“Rather than populist discourses to secure the electoral gains, a human rights-based approach should be prioritized,” she said.

“This needs to be accompanied by social awareness raising efforts to combat against racism and xenophobia together with the migrant and refugee rights.”


Groups in Spain and Morocco push for border deaths inquiry

Groups in Spain and Morocco push for border deaths inquiry
Updated 7 sec ago

Groups in Spain and Morocco push for border deaths inquiry

Groups in Spain and Morocco push for border deaths inquiry
MADRID: Human rights organizations in Spain and Morocco have called on both countries to investigate the deaths of at least 18 Africans and injuries suffered by dozens more who attempted to scale the border fence that surrounds Melilla, a Spanish enclave in North Africa.
Moroccan authorities said the casualties occurred when a “stampede” of people tried to climb the iron fence that separates Melilla and Morocco. In a statement released Friday, Morocco’s Interior Ministry said 76 civilians were injured along with 140 Moroccan security officers.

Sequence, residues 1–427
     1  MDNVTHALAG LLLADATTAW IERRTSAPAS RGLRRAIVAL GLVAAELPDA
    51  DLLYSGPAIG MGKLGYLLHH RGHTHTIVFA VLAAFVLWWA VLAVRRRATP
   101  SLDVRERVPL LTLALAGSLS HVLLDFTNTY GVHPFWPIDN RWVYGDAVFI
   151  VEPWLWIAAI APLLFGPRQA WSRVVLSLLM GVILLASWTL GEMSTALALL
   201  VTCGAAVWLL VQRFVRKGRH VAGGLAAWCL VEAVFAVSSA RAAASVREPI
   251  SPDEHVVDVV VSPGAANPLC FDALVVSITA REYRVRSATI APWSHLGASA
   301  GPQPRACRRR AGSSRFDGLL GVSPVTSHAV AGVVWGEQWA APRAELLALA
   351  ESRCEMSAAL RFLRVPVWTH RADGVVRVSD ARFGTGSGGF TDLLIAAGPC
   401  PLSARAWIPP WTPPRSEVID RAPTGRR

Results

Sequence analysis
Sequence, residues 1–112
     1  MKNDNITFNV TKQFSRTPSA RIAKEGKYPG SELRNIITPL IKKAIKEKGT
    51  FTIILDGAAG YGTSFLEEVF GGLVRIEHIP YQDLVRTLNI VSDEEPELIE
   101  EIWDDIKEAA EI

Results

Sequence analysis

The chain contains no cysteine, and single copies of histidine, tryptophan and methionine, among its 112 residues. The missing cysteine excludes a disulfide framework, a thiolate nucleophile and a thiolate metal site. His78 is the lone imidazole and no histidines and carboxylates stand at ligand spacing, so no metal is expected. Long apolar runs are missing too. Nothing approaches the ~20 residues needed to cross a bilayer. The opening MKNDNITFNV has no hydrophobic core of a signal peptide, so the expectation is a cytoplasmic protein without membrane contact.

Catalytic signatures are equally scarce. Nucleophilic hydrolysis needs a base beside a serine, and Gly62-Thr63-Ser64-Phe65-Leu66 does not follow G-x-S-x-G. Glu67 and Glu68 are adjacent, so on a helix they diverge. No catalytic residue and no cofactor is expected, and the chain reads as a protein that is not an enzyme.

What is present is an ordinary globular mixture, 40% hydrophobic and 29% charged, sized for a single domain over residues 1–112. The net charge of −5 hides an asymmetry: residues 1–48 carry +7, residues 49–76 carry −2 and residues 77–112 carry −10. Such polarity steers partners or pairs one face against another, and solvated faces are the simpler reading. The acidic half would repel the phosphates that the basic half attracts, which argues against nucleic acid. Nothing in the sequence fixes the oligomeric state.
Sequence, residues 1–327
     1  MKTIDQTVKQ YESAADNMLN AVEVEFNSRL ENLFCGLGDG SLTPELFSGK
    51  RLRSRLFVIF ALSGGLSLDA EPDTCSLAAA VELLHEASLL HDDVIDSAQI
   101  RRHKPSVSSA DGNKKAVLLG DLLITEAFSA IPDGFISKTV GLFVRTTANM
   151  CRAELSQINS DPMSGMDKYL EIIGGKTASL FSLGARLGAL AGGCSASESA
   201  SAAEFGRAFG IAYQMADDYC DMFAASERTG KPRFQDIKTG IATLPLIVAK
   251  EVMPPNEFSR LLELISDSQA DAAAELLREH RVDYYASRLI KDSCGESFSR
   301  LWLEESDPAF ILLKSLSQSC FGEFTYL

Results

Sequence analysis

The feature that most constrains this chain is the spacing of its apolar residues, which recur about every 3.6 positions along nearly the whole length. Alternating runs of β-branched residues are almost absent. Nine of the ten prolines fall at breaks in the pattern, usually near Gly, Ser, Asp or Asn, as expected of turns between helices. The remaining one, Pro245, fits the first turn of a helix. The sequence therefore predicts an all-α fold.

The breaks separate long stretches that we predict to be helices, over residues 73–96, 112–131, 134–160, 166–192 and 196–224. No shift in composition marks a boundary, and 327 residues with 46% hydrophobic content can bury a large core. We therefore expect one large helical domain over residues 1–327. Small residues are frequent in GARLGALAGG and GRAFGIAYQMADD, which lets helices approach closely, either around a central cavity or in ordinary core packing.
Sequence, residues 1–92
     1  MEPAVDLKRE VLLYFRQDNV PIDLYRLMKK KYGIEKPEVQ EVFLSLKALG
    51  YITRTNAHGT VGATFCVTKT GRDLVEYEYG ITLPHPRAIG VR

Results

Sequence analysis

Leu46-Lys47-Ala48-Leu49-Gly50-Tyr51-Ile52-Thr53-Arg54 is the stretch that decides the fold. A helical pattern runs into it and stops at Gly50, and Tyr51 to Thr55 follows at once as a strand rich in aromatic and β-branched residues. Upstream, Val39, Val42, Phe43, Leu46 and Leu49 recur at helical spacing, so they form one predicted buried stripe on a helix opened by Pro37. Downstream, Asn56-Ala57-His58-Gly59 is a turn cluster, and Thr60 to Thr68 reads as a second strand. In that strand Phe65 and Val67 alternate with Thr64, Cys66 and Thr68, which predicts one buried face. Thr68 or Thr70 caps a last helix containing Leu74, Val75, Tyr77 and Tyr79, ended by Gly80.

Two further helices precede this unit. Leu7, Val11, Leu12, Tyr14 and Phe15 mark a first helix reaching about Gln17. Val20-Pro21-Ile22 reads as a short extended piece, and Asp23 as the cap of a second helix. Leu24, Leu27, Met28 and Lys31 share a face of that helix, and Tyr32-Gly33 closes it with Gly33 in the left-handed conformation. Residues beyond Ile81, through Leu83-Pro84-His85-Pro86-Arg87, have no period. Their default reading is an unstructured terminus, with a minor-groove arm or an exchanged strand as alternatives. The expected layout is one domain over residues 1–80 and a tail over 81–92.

Local authorities cited by Morocco’s official MAP news agency said the death toll increased to 18 after several migrants died in the hospital. The Moroccan Human Rights Association reported 27 dead, but the figure could not immediately be confirmed.
The association also shared videos on social media that appeared to show dozens of migrants lying on the ground, many of them motionless and a few bleeding, as Moroccan security forces stood over them.
“They were left there without help for hours, which increased the number of deaths,” the human rights group said on Twitter. It called for a “comprehensive” investigation.
In another of the association’s videos, a Moroccan security officer appeared to use a baton to strike a person lying on the ground.
In a statement released late Friday, Amnesty International expressed its “deep concern” over the events at the border.
“Although the migrants may have acted violently in their attempt to enter Melilla, when it comes to border control, not everything goes,” Esteban Beltrán, the director of Amnesty International Spain, said. “The human rights of migrants and refugees must be respected and situations like that seen cannot happen again.”
APDHA, a human rights group based in the southern Spanish region of Andalusia, and a joint statement released by five rights organizations in Morocco also called for inquiries.
A spokesperson for the Spanish government’s office in Melilla said that around 2,000 people had attempted to make it across the border fence but were stopped by Spanish Civil Guard Police and Moroccan forces on either side of the border fence. A total 133 migrants made it across the border.

Iranian girl, 4, dies after being left in car under summer sun

Iranian girl, 4, dies after being left in car under summer sun
Updated 43 min 58 sec ago

Iranian girl, 4, dies after being left in car under summer sun

Iranian girl, 4, dies after being left in car under summer sun